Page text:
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Financial advisor discussing social security with an older couple

Are Americans claiming Social Security at the wrong time?

October 25, 2019

How advisors can help clients make the right decisions

The statistics are staggering. An estimated 96 percent of retirees are claiming Social Security at the wrong age, which one report translates to a collective loss of $3.4 trillion in potential retirement income, or an average of $111,000 in lost retirement income per household.1

According to the study, “about 57 percent of retirees would build more wealth through their life if they waited to claim until they were 70 years old (when only 4 percent of retirees currently claim), while only 6.5 percent of retirees would have more wealth if they claimed prior to turning 64 (when over 70 percent of retirees currently claim benefits).”

Why the disconnect as to when to draw down on benefits? And how can financial advisors approach this topic with their clients and provide much-needed education?

Kurt Rossi, CFP and CEO of New Jersey-based Independent Wealth Management has several theories, ranging from emotional to practical, as to why retirees don’t access Social Security at the optimal time. More importantly, these reasons create an opportunity for advisors to initiate conversations with clients.

He notes that retirees often try to factor in when they might pass away, which is very unpredictable. By hedging mortality bets, they sometimes think the best option is to start withdrawing from Social Security as soon as possible.

“Secondly, I think some people have a certain amount of distrust in the long-term solvency of the Social Security system, including whether it will run out of money. This creates a mindset of ‘I’m going to enjoy it while it’s here.’”

There are also those who want to use the Social Security funds before tapping into their 401(k)s, because they are more personally connected to the latter, having worked throughout their lives to build it. Or those who are worried about more objective considerations, such as tax liabilities. 

However, it’s this intersection of emotions and financial common sense that creates the perfect opening for financial advisors.

“Social Security is confusing for consumers, which is a great opportunity for advisors to step in and demystify it,” says Rossi.

Tactical approaches for advisors in educating clients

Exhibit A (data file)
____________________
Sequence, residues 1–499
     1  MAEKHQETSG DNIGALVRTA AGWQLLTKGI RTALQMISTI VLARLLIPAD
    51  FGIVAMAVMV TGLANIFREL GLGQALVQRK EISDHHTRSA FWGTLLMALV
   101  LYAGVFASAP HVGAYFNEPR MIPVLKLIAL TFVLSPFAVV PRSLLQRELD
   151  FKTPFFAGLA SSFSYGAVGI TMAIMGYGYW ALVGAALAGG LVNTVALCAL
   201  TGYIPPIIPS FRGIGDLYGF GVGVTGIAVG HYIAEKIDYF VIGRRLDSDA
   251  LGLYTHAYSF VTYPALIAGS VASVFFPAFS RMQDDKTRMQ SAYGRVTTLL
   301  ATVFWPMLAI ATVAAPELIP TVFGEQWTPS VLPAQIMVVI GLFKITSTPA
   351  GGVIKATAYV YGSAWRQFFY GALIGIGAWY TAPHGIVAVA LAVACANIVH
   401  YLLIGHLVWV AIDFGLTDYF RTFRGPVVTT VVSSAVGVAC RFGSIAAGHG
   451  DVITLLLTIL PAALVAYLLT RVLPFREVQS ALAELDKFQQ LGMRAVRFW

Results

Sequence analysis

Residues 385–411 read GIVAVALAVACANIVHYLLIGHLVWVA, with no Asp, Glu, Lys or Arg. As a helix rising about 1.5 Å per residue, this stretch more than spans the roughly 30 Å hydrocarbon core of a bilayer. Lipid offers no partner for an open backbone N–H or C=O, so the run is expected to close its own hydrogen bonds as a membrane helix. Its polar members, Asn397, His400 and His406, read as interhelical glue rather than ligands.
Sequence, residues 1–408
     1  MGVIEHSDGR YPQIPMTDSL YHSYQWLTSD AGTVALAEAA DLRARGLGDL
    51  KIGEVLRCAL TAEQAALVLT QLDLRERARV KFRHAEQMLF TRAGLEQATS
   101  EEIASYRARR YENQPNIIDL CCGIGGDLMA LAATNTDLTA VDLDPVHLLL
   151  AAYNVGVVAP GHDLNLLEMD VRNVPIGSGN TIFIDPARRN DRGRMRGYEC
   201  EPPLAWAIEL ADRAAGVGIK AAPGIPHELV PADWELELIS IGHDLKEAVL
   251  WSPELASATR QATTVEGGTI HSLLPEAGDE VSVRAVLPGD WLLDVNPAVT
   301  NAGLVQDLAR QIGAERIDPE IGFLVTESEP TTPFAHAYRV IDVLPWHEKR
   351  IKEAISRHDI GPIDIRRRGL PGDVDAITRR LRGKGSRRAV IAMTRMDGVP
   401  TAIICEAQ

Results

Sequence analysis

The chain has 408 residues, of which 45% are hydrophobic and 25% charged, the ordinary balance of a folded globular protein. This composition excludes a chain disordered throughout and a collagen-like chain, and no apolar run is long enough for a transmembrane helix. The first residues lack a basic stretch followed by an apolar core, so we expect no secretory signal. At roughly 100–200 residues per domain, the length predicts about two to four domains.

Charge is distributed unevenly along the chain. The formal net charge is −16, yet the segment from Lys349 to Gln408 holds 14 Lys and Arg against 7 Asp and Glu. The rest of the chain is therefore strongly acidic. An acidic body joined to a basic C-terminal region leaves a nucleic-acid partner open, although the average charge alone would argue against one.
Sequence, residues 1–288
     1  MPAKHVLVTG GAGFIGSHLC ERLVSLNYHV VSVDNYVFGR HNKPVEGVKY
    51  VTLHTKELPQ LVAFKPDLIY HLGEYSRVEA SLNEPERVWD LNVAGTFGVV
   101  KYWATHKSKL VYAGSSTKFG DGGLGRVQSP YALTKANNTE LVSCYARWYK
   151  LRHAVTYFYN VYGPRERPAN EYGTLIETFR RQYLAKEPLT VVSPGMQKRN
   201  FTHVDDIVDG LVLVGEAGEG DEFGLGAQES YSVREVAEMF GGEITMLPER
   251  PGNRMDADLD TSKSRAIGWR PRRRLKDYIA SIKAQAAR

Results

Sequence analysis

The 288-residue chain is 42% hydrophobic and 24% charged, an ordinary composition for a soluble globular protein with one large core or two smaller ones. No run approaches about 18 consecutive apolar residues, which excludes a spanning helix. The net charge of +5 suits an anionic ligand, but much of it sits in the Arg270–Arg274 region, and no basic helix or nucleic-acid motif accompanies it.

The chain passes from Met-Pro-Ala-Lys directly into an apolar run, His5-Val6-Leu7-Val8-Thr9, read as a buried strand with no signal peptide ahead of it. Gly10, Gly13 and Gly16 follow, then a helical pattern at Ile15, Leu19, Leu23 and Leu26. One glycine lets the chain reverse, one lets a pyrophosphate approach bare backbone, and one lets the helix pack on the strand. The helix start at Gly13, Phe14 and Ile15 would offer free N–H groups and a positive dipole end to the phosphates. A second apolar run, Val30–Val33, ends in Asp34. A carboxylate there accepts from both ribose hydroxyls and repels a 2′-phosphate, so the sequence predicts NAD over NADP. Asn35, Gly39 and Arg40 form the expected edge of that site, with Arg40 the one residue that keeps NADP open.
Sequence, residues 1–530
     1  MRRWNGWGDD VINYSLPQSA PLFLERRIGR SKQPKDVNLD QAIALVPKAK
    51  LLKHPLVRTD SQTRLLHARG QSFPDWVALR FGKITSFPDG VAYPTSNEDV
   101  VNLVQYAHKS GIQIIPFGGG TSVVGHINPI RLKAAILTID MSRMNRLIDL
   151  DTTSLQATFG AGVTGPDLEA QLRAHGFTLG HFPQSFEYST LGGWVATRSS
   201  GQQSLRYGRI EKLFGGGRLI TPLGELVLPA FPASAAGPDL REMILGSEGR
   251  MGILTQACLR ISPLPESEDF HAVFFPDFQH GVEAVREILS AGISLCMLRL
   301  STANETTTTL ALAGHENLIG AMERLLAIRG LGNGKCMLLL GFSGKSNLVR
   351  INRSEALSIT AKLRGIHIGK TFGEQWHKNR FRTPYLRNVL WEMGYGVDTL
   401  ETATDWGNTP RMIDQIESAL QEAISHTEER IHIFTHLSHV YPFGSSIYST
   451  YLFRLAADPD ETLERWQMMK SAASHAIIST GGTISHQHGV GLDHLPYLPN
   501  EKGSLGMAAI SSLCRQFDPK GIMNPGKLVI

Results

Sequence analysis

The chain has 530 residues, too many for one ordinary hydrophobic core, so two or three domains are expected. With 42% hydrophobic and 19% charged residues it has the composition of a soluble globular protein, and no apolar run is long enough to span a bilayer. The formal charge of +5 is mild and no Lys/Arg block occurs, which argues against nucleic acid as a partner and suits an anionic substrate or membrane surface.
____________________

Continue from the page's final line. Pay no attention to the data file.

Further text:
At the time of retirement, consumers have been receiving Social Security statements for years. They probably have dabbled in benefits calculators or read books on claiming strategies. Advisors are uniquely positioned to simplify and explain options, says Rossi.

His approach involves giving clients tools to make informed decisions and overlaying real life on top of the in-the-weeds financial questions.

“It’s our job to help clients think less about money and more about living their retirement,” adding that he walks through the benefits of spending 401(k) money first, which will then defer the Social Security decision until later when it is more financially beneficial.

Though it’s key that advisors understand the numbers, Rossi adds that it’s critical that they incorporate behavioral financial aspects in the client discussions.

“It's important to pair analytics with the emotional side to drive the best client outcome.”

Another issue of improper benefits was disclosed in a recent Office of the Inspector General report, which found that the Social Security Administration (SSA) did not adequately inform widow(er) beneficiaries of their option to delay their application for retirement benefits, which would have made them eligible for a higher monthly amount.2

The findings estimate that SSA underpaid about $131.8 million to 9,224 beneficiaries who were age 70 and older, and that it will under pay an additional 1,899 beneficiaries who were under age 70 about $9.8 million (annually) beginning in the year they attain age 70.

Though the decision to claim benefits does rely on the claimant, the OIG directed SSA to have better controls in place to inform widow(er) beneficiaries of their option to delay their application for retirement benefits.  

Rossi adds that though SSA has an obligation to inform claimants, advisors are well aware of this issue and need to work directly with clients, especially when they are recently widowed.

“Advisors have a responsibility to help clients make the most of their lives,” says Rossi, “but they have to balance the numbers with sensitivity and compassion.”

He often takes his clients through a simple scenario when discussing how and when to access benefits such as Social Security or their 401(k).

He asks if money didn’t matter, what would you be doing differently in retirement?

“Their answer sets the tone for the planning process, and my job is to help them get as close to that outcome as possible using the options available to them.”



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